Taglianetti was a big, strong, physical defenseman out of Framingham, Massachusetts. In 1983 the Winnipeg Jets drafted him 43rd overall out of Providence College. Taglianetti could be tagged as a bit of a late bloomer, as he was passed over by every team in every round of the previous two NHL drafts. As such, Taglianetti worked hard on his studies, majoring in business management before taking a chance on a career in pro hockey.
Taglianetti was a lanky defenseman when he entered college, but he filled out and learned how to use his size advantage by the time the Jets finally drafted him. He set a record for penalty minutes at Providence College that still stands. He succeeded in and enjoyed the contact battles and aggressive hitting, which was an ingredient the Jets were definitely missing back in the mid-1980s. That allowed Taglianetti to develop strictly as a throw back defenseman, which was a good thing because by NHL standards he was not overly mobile or offensively gifted.
After short stints in Winnipeg and Minnesota, "Tag" found a home in Pittsburgh just in time to be a part of back-to-back Stanley Cup championships. The team lost him to Tampa Bay in the 1992 expansion draft, but reacquired him late in the next season. He also briefly played for Boston, but he is best known as a Pittsburgh Penguin depth defender.
That, and peanut butter.
As the Pens chased after their first Stanley Cup championship in 1991, Taglianettie was felled by an ankle injury in the opening round against New Jersey. It was diagnosed as "lace bite," which resulted in a deep bruise on the front of his ankle where he flexed his foot and tied the lace.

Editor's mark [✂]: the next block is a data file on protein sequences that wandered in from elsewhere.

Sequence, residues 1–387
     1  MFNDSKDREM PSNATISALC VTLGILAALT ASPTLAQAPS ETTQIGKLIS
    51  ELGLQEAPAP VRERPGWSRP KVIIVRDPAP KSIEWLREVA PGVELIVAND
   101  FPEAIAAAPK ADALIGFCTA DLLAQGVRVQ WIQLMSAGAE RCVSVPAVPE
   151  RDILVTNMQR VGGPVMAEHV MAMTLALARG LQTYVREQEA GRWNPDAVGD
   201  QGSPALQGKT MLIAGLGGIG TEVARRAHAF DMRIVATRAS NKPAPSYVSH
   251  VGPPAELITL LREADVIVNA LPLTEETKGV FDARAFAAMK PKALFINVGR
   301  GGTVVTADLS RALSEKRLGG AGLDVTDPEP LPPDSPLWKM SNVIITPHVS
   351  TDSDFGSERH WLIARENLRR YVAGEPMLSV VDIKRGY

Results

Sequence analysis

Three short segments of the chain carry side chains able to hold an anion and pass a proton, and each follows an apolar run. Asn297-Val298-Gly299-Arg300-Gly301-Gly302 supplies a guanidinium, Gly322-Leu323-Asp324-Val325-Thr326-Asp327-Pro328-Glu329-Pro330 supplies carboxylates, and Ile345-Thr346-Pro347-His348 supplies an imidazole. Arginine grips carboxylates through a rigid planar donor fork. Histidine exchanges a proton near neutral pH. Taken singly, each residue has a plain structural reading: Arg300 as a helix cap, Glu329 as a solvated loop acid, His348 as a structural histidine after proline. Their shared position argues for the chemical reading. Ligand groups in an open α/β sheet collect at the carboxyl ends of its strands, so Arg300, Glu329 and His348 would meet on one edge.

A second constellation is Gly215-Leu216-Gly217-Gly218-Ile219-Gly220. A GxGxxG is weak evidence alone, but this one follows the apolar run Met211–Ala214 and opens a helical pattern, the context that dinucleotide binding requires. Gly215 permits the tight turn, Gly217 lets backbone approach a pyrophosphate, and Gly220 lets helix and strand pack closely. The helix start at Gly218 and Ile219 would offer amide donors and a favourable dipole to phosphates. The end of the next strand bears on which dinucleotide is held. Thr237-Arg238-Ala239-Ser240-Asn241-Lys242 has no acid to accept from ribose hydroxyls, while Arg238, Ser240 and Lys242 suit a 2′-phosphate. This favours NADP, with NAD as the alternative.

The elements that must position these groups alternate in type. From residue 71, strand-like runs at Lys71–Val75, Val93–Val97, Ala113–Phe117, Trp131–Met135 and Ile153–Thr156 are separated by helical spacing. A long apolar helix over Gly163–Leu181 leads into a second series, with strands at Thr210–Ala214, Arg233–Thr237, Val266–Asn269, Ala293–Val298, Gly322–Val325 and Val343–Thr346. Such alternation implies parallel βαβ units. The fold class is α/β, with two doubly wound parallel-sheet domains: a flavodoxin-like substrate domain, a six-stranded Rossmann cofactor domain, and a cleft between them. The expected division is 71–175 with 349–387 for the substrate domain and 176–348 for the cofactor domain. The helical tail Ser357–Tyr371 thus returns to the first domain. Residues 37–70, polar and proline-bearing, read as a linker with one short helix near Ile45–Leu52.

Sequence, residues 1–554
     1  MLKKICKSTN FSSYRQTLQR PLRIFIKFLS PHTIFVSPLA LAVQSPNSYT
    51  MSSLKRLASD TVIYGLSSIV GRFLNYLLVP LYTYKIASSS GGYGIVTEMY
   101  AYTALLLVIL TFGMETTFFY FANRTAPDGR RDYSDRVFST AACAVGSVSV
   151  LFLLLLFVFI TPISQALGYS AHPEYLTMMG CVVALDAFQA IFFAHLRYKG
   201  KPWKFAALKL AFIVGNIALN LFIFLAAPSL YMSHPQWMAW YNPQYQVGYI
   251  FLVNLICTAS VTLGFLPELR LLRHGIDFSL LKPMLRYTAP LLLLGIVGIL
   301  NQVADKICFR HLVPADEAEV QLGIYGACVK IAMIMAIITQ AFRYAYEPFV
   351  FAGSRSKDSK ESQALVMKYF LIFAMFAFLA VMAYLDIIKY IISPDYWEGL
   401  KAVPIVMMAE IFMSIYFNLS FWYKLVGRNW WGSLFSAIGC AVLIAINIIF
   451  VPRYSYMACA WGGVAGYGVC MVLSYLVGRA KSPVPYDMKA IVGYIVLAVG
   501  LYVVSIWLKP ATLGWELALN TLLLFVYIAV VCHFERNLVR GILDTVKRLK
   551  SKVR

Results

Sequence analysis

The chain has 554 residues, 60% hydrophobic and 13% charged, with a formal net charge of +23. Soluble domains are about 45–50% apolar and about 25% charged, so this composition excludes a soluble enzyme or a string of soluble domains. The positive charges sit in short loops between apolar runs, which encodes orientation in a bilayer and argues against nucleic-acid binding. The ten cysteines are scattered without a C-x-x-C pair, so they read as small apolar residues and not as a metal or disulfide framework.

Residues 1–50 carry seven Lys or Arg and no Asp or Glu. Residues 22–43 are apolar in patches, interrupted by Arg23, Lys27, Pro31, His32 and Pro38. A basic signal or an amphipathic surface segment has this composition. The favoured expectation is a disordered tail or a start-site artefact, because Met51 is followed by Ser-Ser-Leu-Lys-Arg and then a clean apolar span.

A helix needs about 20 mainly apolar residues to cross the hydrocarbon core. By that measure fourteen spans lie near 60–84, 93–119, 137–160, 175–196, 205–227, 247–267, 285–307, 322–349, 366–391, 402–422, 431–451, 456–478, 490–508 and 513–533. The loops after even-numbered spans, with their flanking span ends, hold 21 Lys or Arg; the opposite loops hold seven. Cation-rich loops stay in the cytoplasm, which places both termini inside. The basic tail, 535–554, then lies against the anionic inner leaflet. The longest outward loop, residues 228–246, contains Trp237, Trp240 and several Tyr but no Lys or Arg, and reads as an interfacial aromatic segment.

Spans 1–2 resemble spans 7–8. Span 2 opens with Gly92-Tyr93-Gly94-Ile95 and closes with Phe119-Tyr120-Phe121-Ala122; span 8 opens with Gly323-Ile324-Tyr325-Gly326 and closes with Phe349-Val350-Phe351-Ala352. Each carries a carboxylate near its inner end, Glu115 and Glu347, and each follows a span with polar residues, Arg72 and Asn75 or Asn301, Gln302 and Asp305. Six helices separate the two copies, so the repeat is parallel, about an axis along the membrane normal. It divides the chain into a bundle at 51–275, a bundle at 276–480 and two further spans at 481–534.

The injury didn't affect his play once he got his skate on, but getting the skate on was the problem. He could not tie his skates without suffering sever discomfort, until trainer Skip Thayer came up with an odd idea. Thayer had heard Chicago's Al Secord solved a similar problem by filling a Ziploc baggy with peanut butter. After Vaseline and other products wouldn't suffice, Thayer tucked the baggy underneath the skate flap. Taglianetti could then tie his skates and play without pain.
Interestingly, Jif and local supermarket chain Shop 'n Save tried to cash in on the story by sending Taglianetti cases of peanut butter. Taglianetti jokes that his kids quickly grew tired of peanut butter and jelly sandwiches, because he used all the free peanut butter to feed his children.
Another odd ball story comes from Taglianetti's charitable endeavors, which he was very actively involved in. He wasn't the type of athlete who would show up to just charity golf scrambles. Which perhaps explains why on July 4th, 1993 he participated in the World Wrestling Federation's Yokozuna Bodyslam Challenge event. Climbing aboard the U.S.S. Intrepid in New York City's harbor, Taglianetti was unsuccessful in his attempt to body slam pro wrestler Yokozuna in an event that raised $20,000 for charity.
Taglianetti retired from hockey in 1996, and opened up a couple of fitness training centers in Pittsburgh. He also worked as a vice-president in a Pittsburgh based office products company.